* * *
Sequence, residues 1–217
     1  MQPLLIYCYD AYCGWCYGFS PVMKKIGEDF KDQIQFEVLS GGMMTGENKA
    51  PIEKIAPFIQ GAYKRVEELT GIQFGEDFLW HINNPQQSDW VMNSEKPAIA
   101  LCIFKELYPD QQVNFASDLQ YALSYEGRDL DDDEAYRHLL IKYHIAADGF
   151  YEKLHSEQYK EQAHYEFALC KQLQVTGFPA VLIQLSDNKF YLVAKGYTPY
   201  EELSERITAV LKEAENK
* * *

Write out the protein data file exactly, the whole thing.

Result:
Sequence, residues 1–217
     1  MQPLLIYCYD AYCGWCYGFS PVMKKIGEDF KDQIQFEVLS GGMMTGENKA
    51  PIEKIAPFIQ GAYKRVEELT GIQFGEDFLW HINNPQQSDW VMNSEKPAIA
   101  LCIFKELYPD QQVNFASDLQ YALSYEGRDL DDDEAYRHLL IKYHIAADGF
   151  YEKLHSEQYK EQAHYEFALC KQLQVTGFPA VLIQLSDNKF YLVAKGYTPY
   201  EELSERITAV LKEAENK